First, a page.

What about the Passive House system?
According to the BC Building Code 2018 (Division B, 10.2.3.3), buildings which conform to the Passive House Planning Package, version 9 or newer, may comply if the building is designed and constructed by a person approved by the Passive House Institute as a Certified Passive House Designer or Certified Passive House Consultant.
Where can I find a consultant for this?
An Energy Advisor is a third-party consultant that offers both energy modelling and airtightness testing. The BC Energy Code Council keeps track of several organizations who offer lists of approved energy advisors.
Where can I find out more?
Additional information can be found on the Energy Step Code Council website. The Energy Step Code Council is a cross-sector body that monitors implementation of the standard while serving as a bridge between the province, local governments, utilities, and industry. It identifies emergent impacts or issues and works to resolve them. The council also establishes best practices and makes resources available to ensure local governments employ the standard responsibly. Natural Resources Canada’s Energy Efficiency for Buildings offers information on maximizing energy efficiency, including training opportunities and energy management software.
Bowen Island Municipality has been awarded $12,000 in rebate funds for our community from BC Hydro’s Energy Step Code Building Incentive Offer. To be eligible, the project must be a Part 9 (i.e. residential) building with a building permit application submitted on or after BC Energy Code regulations become mandatory. Rebates of up to $250 will be available for energy modeling costs and up to another $250 for the post-construction blower door test, with a maximum of $500 per project. To apply for the rebates, applicants must indicate their interest at the time of their permit application submittal. To be eligible for the energy modeling rebate, a pre-construction report must be completed by an Energy Advisor and the corresponding Step Code compliance template must be submitted with the initial building permit application. To be eligible for the post construction blower door test rebate, an Energy Advisor must complete and submit the corresponding Step Code template confirming the Step Code level achieved following project completion. Limited funds are available and so rebates cannot be guaranteed.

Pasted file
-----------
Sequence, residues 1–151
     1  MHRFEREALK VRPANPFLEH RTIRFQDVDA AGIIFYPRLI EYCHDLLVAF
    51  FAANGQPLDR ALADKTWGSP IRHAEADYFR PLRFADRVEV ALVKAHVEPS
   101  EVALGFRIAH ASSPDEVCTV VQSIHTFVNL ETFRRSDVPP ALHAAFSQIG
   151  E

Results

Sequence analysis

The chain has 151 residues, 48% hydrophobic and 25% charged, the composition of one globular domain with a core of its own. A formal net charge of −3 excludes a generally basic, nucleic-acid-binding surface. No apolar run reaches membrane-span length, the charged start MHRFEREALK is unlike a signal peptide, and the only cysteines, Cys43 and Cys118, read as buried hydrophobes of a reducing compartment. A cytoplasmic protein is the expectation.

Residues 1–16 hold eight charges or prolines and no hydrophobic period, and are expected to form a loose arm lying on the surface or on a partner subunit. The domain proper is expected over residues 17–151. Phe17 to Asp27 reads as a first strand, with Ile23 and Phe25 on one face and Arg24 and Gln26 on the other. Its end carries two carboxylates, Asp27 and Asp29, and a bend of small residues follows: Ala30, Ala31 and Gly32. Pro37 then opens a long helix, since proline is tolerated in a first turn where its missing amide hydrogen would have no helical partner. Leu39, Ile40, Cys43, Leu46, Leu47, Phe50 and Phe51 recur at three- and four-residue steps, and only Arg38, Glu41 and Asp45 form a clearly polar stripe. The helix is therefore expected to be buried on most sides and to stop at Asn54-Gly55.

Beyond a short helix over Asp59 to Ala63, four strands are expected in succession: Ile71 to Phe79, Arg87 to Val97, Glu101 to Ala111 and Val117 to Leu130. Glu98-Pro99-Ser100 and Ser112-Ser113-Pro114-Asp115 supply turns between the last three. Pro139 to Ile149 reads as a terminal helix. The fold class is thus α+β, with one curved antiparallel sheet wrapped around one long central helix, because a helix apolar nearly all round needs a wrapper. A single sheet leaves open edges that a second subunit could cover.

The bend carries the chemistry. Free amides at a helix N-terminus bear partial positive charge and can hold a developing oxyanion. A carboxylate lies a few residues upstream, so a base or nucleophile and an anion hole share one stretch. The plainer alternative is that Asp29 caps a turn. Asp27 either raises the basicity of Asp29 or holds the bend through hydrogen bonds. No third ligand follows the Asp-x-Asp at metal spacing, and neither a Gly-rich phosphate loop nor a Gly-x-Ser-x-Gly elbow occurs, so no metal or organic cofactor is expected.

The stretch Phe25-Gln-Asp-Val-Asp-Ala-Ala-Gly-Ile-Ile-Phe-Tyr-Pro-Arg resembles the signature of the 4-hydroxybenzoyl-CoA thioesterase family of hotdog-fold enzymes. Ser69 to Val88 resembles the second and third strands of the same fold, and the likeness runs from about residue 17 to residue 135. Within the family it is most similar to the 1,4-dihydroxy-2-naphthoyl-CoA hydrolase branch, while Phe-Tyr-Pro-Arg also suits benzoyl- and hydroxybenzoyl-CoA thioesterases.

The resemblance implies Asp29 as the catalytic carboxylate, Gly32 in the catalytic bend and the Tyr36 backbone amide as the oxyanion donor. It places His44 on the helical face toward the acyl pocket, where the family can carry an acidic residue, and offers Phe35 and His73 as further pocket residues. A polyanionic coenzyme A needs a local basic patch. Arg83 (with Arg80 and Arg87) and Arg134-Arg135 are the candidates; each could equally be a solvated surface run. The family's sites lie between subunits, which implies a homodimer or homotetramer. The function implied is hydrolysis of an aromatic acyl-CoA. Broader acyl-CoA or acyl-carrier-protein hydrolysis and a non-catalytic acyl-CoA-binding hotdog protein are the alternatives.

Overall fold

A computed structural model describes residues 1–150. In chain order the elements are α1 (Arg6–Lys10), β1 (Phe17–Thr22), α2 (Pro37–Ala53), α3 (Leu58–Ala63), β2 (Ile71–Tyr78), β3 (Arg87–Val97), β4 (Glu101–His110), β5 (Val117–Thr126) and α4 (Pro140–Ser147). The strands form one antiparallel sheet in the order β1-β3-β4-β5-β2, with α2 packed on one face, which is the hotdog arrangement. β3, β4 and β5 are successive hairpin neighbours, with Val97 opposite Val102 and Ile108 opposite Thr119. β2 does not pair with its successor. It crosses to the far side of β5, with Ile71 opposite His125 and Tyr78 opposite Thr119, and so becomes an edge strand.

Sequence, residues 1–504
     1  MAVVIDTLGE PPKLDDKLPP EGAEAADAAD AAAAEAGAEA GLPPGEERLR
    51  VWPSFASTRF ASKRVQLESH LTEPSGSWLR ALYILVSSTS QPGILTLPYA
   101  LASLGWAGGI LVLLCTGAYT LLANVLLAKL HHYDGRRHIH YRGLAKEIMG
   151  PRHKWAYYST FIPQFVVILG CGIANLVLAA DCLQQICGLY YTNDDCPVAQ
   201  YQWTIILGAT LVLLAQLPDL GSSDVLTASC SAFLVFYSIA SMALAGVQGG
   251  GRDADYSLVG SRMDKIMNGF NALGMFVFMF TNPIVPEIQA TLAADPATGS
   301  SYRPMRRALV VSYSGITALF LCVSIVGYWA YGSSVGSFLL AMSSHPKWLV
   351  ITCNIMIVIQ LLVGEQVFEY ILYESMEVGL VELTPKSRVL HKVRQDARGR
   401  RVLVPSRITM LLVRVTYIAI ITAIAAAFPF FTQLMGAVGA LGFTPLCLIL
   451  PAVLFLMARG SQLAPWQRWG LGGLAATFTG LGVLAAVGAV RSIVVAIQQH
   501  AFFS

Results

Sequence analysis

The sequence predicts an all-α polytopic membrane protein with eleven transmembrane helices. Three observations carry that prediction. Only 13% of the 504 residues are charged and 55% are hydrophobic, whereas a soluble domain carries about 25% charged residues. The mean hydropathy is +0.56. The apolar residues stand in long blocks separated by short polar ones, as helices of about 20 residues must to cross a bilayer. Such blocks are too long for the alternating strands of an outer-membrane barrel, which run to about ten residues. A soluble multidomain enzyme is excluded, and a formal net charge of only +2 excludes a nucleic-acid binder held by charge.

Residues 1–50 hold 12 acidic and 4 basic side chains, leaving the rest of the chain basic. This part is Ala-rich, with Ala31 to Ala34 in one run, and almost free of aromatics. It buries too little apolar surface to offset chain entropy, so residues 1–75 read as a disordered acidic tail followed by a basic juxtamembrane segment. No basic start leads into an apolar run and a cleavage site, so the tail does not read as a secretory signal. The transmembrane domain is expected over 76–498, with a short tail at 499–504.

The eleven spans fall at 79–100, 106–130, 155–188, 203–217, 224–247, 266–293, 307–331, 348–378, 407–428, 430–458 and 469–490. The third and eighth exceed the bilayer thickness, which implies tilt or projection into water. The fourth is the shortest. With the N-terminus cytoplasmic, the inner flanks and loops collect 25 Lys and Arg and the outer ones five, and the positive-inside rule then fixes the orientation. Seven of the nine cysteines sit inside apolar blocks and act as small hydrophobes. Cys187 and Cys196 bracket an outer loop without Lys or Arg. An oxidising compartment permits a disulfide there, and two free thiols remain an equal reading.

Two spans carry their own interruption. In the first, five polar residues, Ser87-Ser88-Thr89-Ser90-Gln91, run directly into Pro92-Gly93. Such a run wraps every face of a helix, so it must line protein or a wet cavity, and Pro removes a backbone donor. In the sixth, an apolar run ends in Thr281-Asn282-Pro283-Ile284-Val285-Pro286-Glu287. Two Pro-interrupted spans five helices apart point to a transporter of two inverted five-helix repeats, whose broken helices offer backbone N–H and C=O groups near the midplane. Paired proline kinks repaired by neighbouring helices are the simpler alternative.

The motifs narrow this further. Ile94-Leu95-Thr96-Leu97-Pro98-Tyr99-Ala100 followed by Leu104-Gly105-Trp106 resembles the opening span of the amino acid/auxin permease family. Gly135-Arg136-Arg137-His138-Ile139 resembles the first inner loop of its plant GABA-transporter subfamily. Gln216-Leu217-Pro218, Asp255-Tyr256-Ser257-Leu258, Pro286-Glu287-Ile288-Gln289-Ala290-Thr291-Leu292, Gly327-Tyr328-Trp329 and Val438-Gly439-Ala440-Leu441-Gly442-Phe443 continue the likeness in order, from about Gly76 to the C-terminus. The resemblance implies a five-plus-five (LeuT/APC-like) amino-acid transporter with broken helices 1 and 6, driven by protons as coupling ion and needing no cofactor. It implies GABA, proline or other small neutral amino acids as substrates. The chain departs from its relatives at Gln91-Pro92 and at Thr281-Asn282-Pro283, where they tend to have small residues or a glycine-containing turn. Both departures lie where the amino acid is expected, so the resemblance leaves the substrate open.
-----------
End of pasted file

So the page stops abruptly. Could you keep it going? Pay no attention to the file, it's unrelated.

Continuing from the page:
For renovation projects that include some energy efficiency upgrades on a residence, homeowners may be eligible for additional rebates from BC Hydro. To be eligible, renovations must be on a year-round residence connected to BC Hydro or Fortis BC with at least a year of utility billing history. Rebates up to $10,000 are available for upgrades to insulation, water heating, windows and space heating. Find out more here.
Find out about more about incentives for small businesses, commercial builders, and developers on BC Hydro’s Programs and incentives page.
The BC Energy Step Code website also maintains a list of available incentives such as from CleanBC or Better Buildings BC here.
Building a Legacy Toolkit
Building Envelope Mock-Up Assemblies: Technical Booklet:
ESC Case Study Overview:
Building A Legacy - case studies on YouTube:
- Hideaways Development Case Study
- Fort Point Residence Case Study
- Forest Crowne Case Study Part 1 of 2
- Forest Crowne Case Study Part 2 of 2
- Mark Street Townhome Case Study
Building A Legacy- case studies print:
For more information
If you have any questions about the BC Energy Step Code, please contact the Planning Department.
- Bowen Island Community Energy Emissions Plan, 2016
- BC Hydro’s Energy Modelling Guideline, Jan 2019
- BC Energy Step Code Builder Guide and Design Guide
Photos courtesy of Leonard Gilday.
Last Updated on 2021-03-08 at 2:54 PM
Please contact Jennifer Pierce, Planner 1